Columbia Law School’s first-year students are given the unique opportunity to participate in moot court competitions at the beginning of their law school tenure. One of the international moot court programs with a strong tradition at CLS is the European Law Moot Court.
On February 6, 2016, the team of César Rivere ’18, Eliana Sanchez ’18, Jake Bogart ’18, and Rachel LaFortune ’18 competed in a regional final at the University of Helsinki in Finland. The following weekend, the team of Ani Hamparsumyan ’17, Emily Hush ’18, Julie Nkodo ’18, and Kate Witchger ’18 competed at the National and Kapodistrian University of Athens in Greece. Both teams advanced to the regional semi-final round. Emily Hush, arguing as Representative of the European Commission for the Athens team, won the regional final for that role and will argue in front of judges of the Court of Justice of the European Union in Luxembourg on April 15, 2016. The two teams are coached by Caroline Ceriello ’17 and Aaron Rogoff ’17, respectively.
Alexander Weaver, the Columbia Journal of European Law’s Editor-in-Chief for Volume 22, interviewed Emily Hush, the first-year student who will advance to the finals before the Court of Justice in Luxembourg.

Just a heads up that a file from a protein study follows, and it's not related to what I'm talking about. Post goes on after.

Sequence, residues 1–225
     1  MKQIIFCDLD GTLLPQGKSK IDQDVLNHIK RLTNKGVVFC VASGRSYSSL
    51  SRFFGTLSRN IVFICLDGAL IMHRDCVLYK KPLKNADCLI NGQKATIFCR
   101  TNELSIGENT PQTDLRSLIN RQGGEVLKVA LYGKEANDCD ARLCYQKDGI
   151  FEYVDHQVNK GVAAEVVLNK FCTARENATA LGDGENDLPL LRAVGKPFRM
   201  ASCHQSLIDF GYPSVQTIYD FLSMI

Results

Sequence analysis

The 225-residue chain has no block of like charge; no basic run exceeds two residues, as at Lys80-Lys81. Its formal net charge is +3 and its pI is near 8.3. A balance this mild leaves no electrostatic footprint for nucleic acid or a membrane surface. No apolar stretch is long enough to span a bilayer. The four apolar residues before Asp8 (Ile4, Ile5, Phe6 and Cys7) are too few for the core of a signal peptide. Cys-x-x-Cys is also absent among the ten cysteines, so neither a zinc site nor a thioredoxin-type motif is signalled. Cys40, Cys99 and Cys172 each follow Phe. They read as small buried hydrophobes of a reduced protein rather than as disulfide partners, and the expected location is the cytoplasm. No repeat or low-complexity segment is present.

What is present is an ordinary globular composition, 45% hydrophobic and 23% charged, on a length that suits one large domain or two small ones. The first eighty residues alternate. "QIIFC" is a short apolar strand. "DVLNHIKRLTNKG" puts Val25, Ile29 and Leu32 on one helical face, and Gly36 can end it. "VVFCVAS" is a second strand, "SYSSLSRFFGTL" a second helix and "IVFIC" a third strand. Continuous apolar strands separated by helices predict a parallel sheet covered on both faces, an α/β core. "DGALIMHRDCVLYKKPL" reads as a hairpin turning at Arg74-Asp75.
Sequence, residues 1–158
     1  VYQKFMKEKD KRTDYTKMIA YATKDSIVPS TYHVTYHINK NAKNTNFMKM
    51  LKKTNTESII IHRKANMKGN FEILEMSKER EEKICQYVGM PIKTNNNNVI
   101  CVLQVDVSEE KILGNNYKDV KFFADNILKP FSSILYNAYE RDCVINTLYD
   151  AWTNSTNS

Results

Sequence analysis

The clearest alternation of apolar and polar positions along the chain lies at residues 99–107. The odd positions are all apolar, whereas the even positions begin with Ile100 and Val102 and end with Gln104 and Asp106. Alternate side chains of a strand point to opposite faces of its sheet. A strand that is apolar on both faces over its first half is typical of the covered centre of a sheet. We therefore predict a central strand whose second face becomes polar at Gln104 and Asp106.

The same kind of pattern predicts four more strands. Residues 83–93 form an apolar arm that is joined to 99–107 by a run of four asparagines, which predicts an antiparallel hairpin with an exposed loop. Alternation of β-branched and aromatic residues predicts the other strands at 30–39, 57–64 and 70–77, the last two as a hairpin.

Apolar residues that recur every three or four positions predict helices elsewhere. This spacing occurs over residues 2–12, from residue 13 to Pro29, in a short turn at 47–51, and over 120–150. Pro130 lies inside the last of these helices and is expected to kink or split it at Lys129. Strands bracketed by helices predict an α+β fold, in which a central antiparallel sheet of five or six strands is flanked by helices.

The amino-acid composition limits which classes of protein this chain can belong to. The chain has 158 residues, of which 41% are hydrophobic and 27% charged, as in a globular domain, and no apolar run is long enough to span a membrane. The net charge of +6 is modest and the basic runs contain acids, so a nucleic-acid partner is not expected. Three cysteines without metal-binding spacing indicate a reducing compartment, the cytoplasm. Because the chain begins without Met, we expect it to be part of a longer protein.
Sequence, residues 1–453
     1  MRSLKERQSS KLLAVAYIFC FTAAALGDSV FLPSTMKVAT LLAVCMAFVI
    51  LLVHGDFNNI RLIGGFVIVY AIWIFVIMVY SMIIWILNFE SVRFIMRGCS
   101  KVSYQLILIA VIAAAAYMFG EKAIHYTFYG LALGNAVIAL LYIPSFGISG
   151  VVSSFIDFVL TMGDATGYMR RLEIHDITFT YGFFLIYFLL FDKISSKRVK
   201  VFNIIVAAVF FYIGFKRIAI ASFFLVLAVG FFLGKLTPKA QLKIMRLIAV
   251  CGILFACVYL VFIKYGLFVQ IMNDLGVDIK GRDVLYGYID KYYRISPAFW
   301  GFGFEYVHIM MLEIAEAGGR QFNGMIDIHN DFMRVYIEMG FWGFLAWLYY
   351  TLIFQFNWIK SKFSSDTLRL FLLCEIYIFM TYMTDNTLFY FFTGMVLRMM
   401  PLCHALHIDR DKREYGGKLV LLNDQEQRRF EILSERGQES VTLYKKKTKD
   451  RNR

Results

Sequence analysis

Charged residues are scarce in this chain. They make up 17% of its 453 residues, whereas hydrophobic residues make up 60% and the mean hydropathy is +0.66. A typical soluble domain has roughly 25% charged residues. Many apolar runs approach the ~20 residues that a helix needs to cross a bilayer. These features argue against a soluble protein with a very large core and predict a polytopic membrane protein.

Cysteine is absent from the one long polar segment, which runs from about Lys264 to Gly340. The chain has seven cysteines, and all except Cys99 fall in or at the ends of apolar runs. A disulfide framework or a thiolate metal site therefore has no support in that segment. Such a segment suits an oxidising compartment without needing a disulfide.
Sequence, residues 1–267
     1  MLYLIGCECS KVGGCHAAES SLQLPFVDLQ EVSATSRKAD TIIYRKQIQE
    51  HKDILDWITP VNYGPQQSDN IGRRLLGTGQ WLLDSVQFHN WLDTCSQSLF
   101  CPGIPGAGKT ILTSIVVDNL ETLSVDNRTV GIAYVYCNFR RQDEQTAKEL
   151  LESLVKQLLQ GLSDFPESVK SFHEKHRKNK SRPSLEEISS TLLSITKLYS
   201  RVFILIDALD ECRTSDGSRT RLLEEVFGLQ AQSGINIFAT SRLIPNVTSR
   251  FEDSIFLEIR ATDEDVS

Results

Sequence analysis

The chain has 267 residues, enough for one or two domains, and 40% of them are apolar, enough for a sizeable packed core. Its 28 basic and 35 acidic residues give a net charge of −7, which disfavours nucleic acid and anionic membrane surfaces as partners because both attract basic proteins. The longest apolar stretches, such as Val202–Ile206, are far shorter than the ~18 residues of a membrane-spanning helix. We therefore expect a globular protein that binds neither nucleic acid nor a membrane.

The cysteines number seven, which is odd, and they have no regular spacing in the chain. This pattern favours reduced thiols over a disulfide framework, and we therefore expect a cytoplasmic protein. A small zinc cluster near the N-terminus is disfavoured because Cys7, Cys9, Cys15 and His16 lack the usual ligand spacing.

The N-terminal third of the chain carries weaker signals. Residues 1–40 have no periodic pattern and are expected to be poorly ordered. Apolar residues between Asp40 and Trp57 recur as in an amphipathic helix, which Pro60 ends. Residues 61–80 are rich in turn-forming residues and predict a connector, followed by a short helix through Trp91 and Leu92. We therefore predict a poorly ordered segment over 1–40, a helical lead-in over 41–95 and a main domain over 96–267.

What is the European Law Moot Court (ELMC)?
The ELMC is a competition centered around emerging issues in European law. For 1L students at Columbia Law School, it is a chance to practice written and oral advocacy. We were given a hypothetical problem centered around the EU emissions trading scheme, in which a company that failed to surrender their allowances by the deadline was hit with a penalty. Out of the situation came a conflict between the Court of Justice of the EU and the European Court of Human Rights. We had to argue before a panel of judges as the applicant, the defendant, and a third party Commission agent, who I represented at the competition.
Is it common for American teams to participate in this competition?
Some do. It’s not nearly as common as US teams participating in North American competitions, and the vast majority of entrants are European law students. There were a handful of North American schools that applied this year, but Columbia was one of few teams to advance to the regionals.
Tell me more about the regionals. How many teams were there? What was the format?
There are four regional finals in the competition. Columbia advanced two teams: one to the Helsinki regional, and my team and I represented CLS at the Athens regional. Each regional had twelve teams. The proceedings are scheduled in three rounds. In the first round, the applicant, defendant, and Commission agent scores are totaled for a team score. After that, the Commission agent is placed on a separate competition track. The applicants and defendants argue against each other. They have time to present arguments and rebut, and the Commission agent makes comments at the end.
Arguments are presented in English and French, with points allotted to non-native speakers. There were six judges per room, twelve total. The judges were from all over. Some of them had worked at the Court of Justice or were currently working there. Others were professors or practitioners in various fields of law throughout the EU.
To get to that stage you had to prepare a written brief, which formed the basis of selection for the regional?